Herefordshire is one of those English counties that doesn’t receive the recognition it deserves. It is stacked full of historic towns and villages, some dating from the 6th or 7th century; it has beautiful rolling countryside; and its location on the border between England and Wales meant it was strategically important for several centuries of conflict between Anglo-Saxons/Normans and Celtic Welsh principalities.
With its modern history firmly embedded in the aftermath of the Norman Conquest of 1066, it has a legacy of language, culture and architecture that befits an area of the Welsh Marches. The Marches were the western frontier for the conquering Normans, ruled by independent Marcher Lords through military power with barely any control exerted on them by the King.
Walking through the countryside between the Malvern Hills and Ledbury makes for a wonderful journey, and takes you out of Worcestershire and into Herefordshire. The views over the rich, agricultural countryside are magnificent, often with the Malvern Hills as a backdrop. You pass through picturesque villages with ancient buildings and beautiful churches, only to find yourself face-to-face with semi-fortified country houses in the middle of nowhere.
It is a predominately agricultural county and, while it may be famous for its Hereford cattle, it is also the centre of an ancient and renowned cider making industry. The latter, far more interesting to someone who has been walking for several hours under a hot sun.
I headed over the Malvern Hills to the village of Evendine, before cutting across country towards Colwall (home of another spring dispensing Malvern Water). It was in the countryside between the two that I came across Brockbury Hall: the majority of this historic house dates from the 18th century, but parts of it are 17th century. It even has the remains of a former moat. The Hall has been in the same family since the 16th century, much of the family money in the 18th century seems to have come from the West Indies – sugar, rum, slaves?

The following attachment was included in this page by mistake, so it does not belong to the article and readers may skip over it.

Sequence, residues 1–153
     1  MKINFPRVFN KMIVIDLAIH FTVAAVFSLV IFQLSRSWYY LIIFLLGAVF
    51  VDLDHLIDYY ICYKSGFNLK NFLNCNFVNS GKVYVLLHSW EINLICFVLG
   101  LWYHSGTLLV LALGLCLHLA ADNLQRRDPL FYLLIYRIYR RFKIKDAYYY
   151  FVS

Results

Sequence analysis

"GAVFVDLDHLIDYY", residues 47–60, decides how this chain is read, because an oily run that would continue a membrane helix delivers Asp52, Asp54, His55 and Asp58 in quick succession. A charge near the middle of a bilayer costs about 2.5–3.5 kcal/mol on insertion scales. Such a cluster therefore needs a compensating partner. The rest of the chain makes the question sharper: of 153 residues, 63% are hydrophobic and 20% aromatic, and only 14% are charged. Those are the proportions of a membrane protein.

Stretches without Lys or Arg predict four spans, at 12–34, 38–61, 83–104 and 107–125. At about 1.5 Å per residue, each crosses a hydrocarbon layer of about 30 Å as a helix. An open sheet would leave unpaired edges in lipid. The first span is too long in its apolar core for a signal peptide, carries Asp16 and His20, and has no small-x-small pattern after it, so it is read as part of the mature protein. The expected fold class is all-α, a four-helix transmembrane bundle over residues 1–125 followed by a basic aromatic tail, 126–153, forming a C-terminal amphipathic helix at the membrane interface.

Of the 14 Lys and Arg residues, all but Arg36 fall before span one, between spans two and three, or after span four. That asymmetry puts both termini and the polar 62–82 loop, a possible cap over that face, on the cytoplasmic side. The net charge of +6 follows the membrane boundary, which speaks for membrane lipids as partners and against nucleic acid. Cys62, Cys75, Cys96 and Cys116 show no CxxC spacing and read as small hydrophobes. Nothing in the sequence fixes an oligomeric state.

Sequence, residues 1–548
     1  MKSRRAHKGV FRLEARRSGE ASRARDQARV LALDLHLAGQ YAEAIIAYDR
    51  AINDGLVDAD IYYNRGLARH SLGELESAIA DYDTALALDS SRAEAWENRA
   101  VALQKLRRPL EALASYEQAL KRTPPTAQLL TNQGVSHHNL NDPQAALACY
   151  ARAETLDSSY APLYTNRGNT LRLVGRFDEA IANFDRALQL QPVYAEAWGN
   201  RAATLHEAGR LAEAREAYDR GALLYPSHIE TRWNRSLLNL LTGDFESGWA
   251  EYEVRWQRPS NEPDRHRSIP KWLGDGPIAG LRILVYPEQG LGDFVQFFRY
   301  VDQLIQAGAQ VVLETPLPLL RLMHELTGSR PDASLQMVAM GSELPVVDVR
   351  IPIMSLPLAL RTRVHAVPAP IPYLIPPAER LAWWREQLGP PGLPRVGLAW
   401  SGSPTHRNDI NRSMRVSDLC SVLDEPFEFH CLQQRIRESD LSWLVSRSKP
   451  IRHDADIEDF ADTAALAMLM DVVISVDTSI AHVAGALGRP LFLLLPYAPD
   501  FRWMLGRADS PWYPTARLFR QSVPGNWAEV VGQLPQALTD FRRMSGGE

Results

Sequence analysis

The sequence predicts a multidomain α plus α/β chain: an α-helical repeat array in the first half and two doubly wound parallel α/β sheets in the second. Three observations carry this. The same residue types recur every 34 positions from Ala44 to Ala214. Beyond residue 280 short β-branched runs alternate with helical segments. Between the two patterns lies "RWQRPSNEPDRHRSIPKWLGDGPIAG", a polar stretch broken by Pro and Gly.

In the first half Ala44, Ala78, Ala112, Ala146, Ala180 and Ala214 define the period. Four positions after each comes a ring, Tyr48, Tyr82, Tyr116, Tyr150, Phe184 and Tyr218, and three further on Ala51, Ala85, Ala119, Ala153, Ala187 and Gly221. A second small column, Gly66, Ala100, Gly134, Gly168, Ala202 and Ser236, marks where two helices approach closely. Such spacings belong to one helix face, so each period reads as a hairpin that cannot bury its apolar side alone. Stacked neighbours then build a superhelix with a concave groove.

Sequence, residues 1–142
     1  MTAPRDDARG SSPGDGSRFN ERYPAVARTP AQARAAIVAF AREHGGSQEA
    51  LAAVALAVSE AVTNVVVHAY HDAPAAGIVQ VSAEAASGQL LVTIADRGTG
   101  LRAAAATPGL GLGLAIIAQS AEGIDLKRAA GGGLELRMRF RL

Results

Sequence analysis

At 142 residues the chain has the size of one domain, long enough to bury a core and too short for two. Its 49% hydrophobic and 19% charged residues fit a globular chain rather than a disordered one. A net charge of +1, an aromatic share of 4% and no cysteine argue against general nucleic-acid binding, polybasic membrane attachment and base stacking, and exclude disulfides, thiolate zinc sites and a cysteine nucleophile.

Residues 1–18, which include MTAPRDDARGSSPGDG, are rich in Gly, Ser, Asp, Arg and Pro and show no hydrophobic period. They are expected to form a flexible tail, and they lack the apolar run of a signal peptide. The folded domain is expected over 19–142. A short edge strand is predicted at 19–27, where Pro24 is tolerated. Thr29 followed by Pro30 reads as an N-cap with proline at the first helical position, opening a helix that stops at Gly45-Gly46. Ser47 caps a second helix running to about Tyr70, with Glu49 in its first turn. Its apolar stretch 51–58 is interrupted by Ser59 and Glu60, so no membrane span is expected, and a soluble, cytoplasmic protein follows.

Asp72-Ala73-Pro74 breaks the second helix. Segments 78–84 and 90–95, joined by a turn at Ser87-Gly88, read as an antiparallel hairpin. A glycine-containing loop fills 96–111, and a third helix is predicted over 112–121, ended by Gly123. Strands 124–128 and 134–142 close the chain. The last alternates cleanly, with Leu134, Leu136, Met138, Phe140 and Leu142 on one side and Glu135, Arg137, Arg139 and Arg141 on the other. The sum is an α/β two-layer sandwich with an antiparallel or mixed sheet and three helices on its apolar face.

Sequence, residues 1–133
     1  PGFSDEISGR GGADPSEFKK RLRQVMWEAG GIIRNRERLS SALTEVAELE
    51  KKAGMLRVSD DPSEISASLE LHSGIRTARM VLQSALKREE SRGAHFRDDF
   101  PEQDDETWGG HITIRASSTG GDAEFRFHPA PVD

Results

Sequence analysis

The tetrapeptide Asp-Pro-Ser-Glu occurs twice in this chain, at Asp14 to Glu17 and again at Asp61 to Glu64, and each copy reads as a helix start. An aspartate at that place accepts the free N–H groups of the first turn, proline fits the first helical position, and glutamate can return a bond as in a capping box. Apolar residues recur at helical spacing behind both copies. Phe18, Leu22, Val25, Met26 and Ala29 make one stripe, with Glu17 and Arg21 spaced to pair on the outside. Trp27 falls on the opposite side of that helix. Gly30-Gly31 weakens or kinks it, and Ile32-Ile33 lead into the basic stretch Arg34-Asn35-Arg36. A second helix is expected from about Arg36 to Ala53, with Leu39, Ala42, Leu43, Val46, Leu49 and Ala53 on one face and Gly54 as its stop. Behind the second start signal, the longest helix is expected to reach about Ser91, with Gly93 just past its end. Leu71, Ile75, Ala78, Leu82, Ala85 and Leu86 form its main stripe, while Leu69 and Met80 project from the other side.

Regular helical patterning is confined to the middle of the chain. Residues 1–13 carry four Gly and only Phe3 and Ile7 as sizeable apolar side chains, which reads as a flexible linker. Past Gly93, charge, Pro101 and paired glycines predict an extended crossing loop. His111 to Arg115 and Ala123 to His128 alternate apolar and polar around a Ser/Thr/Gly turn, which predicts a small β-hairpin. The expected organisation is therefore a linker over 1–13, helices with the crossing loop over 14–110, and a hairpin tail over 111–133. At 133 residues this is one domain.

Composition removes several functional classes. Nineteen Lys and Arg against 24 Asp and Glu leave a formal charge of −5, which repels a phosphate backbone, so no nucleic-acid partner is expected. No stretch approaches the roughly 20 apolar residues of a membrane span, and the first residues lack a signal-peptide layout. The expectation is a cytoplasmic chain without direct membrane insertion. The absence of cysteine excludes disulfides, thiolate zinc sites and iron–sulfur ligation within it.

A short walk from Brockbury Hall is the small hamlet of Colwall, which has a lovely Norman church – none of your towering spires for the Normans, just solid squares. I couldn’t go inside as there was a wedding, but it is a picturesque place. I was heading to Oyster Hill (no idea why its called Oyster, its miles from the sea), from which there are magnificent views all the way to the Black Mountains in Wales. Here you can join the Herefordshire Way, a trail that takes you into the historic town of Ledbury, my final destination.
The surprises hadn’t ended though. As I walked south towards Ledbury I found myself crossing park land. Before I could look at the map, a magnificent walled house emerged out of the trees: Hope End. I didn’t know, but this is where Elizabeth Barrett Browning, one of the most famous poets of the nineteenth century, lived. The beautiful countryside around this area inspired some of her most famous work, including the epic blank verse Aurora Leigh, part of which is set in Malvern. She was married to Robert Browning, no slouch himself when it came to poetry.
After passing through the village of Wellington Heath and some shady woodland, I was suddenly in the outskirts of Ledbury. Ledbury is an ancient and much photographed market town, well worth a couple of hours exploration, but that would have to wait for a refreshing pint of local cider to be poured and drunk…